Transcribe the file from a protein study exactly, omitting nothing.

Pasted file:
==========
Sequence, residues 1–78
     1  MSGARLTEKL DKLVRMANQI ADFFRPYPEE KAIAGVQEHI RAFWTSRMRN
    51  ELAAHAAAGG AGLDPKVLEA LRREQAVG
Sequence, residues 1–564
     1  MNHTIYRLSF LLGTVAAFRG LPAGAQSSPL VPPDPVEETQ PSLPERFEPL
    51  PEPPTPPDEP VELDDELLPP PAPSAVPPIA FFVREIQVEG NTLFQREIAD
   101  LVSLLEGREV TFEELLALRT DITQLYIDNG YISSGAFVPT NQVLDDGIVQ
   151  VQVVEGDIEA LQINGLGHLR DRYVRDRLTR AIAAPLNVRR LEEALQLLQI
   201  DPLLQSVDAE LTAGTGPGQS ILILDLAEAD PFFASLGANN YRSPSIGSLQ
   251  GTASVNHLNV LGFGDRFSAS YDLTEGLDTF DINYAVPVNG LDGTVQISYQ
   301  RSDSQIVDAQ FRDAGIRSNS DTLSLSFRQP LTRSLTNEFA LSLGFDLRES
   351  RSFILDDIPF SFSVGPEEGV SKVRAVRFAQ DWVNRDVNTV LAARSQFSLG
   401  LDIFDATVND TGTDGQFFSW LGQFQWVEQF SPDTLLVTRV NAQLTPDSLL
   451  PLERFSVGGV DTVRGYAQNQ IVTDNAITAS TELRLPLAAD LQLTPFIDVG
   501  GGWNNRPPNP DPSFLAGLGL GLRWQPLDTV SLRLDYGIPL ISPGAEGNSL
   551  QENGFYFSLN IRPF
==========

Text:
Sequence, residues 1–78
     1  MSGARLTEKL DKLVRMANQI ADFFRPYPEE KAIAGVQEHI RAFWTSRMRN
    51  ELAAHAAAGG AGLDPKVLEA LRREQAVG
Sequence, residues 1–564
     1  MNHTIYRLSF LLGTVAAFRG LPAGAQSSPL VPPDPVEETQ PSLPERFEPL
    51  PEPPTPPDEP VELDDELLPP PAPSAVPPIA FFVREIQVEG NTLFQREIAD
   101  LVSLLEGREV TFEELLALRT DITQLYIDNG YISSGAFVPT NQVLDDGIVQ
   151  VQVVEGDIEA LQINGLGHLR DRYVRDRLTR AIAAPLNVRR LEEALQLLQI
   201  DPLLQSVDAE LTAGTGPGQS ILILDLAEAD PFFASLGANN YRSPSIGSLQ
   251  GTASVNHLNV LGFGDRFSAS YDLTEGLDTF DINYAVPVNG LDGTVQISYQ
   301  RSDSQIVDAQ FRDAGIRSNS DTLSLSFRQP LTRSLTNEFA LSLGFDLRES
   351  RSFILDDIPF SFSVGPEEGV SKVRAVRFAQ DWVNRDVNTV LAARSQFSLG
   401  LDIFDATVND TGTDGQFFSW LGQFQWVEQF SPDTLLVTRV NAQLTPDSLL
   451  PLERFSVGGV DTVRGYAQNQ IVTDNAITAS TELRLPLAAD LQLTPFIDVG
   501  GGWNNRPPNP DPSFLAGLGL GLRWQPLDTV SLRLDYGIPL ISPGAEGNSL
   551  QENGFYFSLN IRPF